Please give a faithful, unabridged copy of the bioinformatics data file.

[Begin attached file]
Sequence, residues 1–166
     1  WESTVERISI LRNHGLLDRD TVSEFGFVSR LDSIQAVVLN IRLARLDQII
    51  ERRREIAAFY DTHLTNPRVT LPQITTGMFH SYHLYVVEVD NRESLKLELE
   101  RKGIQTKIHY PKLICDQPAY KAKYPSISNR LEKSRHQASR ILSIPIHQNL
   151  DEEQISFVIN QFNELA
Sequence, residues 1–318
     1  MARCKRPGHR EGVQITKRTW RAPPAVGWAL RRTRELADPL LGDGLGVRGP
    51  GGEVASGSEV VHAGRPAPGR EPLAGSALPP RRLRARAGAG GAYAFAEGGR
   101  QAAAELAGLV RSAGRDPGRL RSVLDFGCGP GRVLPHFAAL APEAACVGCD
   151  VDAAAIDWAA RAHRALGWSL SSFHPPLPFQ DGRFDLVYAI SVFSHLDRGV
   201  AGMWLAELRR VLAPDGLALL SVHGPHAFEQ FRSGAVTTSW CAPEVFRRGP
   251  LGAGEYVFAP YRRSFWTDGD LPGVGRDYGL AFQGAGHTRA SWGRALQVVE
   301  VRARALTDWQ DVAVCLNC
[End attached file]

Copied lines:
Sequence, residues 1–166
     1  WESTVERISI LRNHGLLDRD TVSEFGFVSR LDSIQAVVLN IRLARLDQII
    51  ERRREIAAFY DTHLTNPRVT LPQITTGMFH SYHLYVVEVD NRESLKLELE
   101  RKGIQTKIHY PKLICDQPAY KAKYPSISNR LEKSRHQASR ILSIPIHQNL
   151  DEEQISFVIN QFNELA
Sequence, residues 1–318
     1  MARCKRPGHR EGVQITKRTW RAPPAVGWAL RRTRELADPL LGDGLGVRGP
    51  GGEVASGSEV VHAGRPAPGR EPLAGSALPP RRLRARAGAG GAYAFAEGGR
   101  QAAAELAGLV RSAGRDPGRL RSVLDFGCGP GRVLPHFAAL APEAACVGCD
   151  VDAAAIDWAA RAHRALGWSL SSFHPPLPFQ DGRFDLVYAI SVFSHLDRGV
   201  AGMWLAELRR VLAPDGLALL SVHGPHAFEQ FRSGAVTTSW CAPEVFRRGP
   251  LGAGEYVFAP YRRSFWTDGD LPGVGRDYGL AFQGAGHTRA SWGRALQVVE
   301  VRARALTDWQ DVAVCLNC